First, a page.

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maintained than it can be now. Nobody who witnesses the tranquillity, prosperity and general contentment prevailing in Sierra Leone can fall to be impressed with the fact that

there, at least, must be firm and humane. The blackest people there, with few exceptions, are thoroughly and completely English in feeling, thought, manners and customs, and applaud "God Save the Queen" with as much apparent sincerity as an audience of genuine Britons could do.

Now, after all I have been writing, comes the question, What after my personal observation, do I think of Liberia and of a general immigration of the colored people hither? I will try and answer the question so that the colored people themselves can understand it. Liberia is undoubtedly

and possesses a soil which it is hard to beat. There is money to be made here, and lots of it. But it will take hard work, thrift and good management to get it. Then there is a risk to be run of fever and other disease. A man who can work, manage, restrain his appetites, put up with hard living for a while, and be prudent and careful, has all the chances in his favor for getting well through the sickness. Patience will have to be exercised too. Above all things, no man should come without six months' full provisions, a supply of simple medicines, a little ready money, and all the bright calicoes, brass trinkets, notions and leaf tobacco he can lay his hands on. These will be worth double their value here to trade with, or pay natives for work. Salt is always valuable here too. In the interior the natives lick visitors' hands for the salty taste of the perspiration. He should try and arrange to have as little to buy here, and to depend as little on the Liberians as possible. Those who have two hundred dollars or three hundred dollars over their passage money, and can fill the rest of the above bill, will, I am sure, have a much better chance of becoming independent here than in America. Those who fall short, and come expecting to find a heaven on earth, in which they will have to work no more, and who are unprovided with means, will soon become disappointed and disgusted, and want to get back to America. Many have come here and gone away to abuse the country, but I think they generally belong to the class last named. I can see no earthly reason why a careful, well provided and good emigrant cannot, by a few years' faithful work, achieve independence. There should be as large a proportion of able-bodied hands brought along as possible. The man who has no sons or brothers to help him can well afford to bring along two, three, four of five single nephews, cousins or friends. They can all draw land, if twenty-one years of age, and immigrants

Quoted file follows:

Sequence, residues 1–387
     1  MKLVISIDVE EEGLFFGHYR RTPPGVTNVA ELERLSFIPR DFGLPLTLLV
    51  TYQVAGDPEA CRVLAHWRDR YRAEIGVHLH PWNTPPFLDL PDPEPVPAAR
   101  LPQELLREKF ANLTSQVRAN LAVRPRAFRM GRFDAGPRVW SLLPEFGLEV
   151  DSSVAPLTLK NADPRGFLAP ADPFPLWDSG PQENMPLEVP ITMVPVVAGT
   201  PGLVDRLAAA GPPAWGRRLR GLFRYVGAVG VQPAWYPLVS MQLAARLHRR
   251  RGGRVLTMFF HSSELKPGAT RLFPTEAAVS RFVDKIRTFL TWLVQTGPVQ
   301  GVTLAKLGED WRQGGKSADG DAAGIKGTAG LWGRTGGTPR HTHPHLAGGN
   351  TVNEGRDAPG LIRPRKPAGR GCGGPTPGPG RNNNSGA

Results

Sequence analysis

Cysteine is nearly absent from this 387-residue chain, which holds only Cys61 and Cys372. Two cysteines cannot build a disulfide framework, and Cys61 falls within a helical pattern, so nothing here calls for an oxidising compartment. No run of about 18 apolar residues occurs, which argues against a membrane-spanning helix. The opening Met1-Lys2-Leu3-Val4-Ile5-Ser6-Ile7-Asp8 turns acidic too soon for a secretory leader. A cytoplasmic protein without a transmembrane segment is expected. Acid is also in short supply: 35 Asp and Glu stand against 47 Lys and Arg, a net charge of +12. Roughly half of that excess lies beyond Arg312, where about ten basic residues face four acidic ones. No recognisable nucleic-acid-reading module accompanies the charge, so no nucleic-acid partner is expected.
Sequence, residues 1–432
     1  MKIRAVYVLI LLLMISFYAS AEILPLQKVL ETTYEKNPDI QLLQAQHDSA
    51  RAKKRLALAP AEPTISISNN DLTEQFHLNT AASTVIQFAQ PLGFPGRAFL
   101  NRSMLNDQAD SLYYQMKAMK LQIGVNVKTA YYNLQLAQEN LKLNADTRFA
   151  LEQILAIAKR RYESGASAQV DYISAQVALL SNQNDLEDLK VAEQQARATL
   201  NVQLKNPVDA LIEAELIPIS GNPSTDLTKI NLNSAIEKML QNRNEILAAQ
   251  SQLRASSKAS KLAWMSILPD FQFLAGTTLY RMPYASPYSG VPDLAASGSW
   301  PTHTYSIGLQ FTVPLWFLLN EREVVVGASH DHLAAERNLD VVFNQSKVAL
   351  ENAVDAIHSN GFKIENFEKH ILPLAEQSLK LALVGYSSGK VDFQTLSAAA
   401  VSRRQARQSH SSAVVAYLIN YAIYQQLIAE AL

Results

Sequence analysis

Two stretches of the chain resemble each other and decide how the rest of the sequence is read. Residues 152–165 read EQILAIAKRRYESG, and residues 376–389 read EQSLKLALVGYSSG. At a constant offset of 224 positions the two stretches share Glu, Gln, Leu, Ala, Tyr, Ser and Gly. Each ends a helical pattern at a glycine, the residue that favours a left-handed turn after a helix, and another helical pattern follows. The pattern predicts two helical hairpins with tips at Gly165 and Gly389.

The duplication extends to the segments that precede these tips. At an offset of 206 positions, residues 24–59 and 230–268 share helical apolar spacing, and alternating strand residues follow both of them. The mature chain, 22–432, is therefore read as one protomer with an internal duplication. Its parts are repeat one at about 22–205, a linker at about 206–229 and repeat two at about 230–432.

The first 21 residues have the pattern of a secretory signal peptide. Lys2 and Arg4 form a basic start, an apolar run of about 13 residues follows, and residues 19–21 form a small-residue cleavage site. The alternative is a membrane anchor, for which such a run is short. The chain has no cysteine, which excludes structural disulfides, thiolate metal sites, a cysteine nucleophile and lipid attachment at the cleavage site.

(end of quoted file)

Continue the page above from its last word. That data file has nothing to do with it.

for labor and everything else, as far as possible. They should also bring a supply of matchets, hoes, &c., and garden seed. In short they should equip themselves completely in America. The first three or four months will be lost here, in building, fever, &c., and for some time after that it will not be prudent to work between 10 A. M. and 2 P. M. They must remember, too, that the land given them is not fenced meadow. It is a dense growth of woods, brush and grass, which will have to be cleared, and the sooner that is done the better. Every cargo of such immigrants that comes here greatly strengthens the country, and the more it is settled the easier row the new comers will have to hoe: Let no one come here depending on the government or people for aid. He won't get it. Neither are in a condition to help anybody much, and they have strained a point in favor of these present immigrants. One thing I forgot--bring plenty of powder and shot. They are always useful, not for killing anybody, but for game, &c., and powder especially is very high, the government's specific duty on it being 5c. per pound. It is the same, by the way, on tobacco, and the ad valorem duties are 12½ per cent. When the immigrant arrives here he should go to his place as soon as possible, and get to work. He should not bother his head about politics. They will only make him enemies where he needs friends, and take his attention from his business. If England should take a notion to gobble Liberia, and the immigrant has to march out with the militia, my advice to him is, as soon as he sees the red coats to fire his gun in the air, then run home with it, and stay there. If our forefathers had had sense enough to do that, the negroes would have been free and paid for fifty years ago, educated and prosperous: we would never have heard of Chamberlain, Scott, Kimpton or any of their gang, and there wouldn't have been any "great civil war." Englishmen will not confiscate private property, nor interfere with peaceful citizens, and they are perfectly willing to gratify colonists by allowing them to vote once or twice a year for members of a council or something, (which don't amount to a row of pins) and the principle of universal equality is strictly carried out. I would not take the responsibility of advising the colored people to come here. I will say, however, that if they are willing to take the risks and able to fulfill the requirements as above stated, they will here have their own lands, be among their own color, and have perfect social equality, a certainty almost of a comfortable living, and a fair chance for wealth on coffee, sugar or cotton plantations, either of which will be so much sure income after a few years.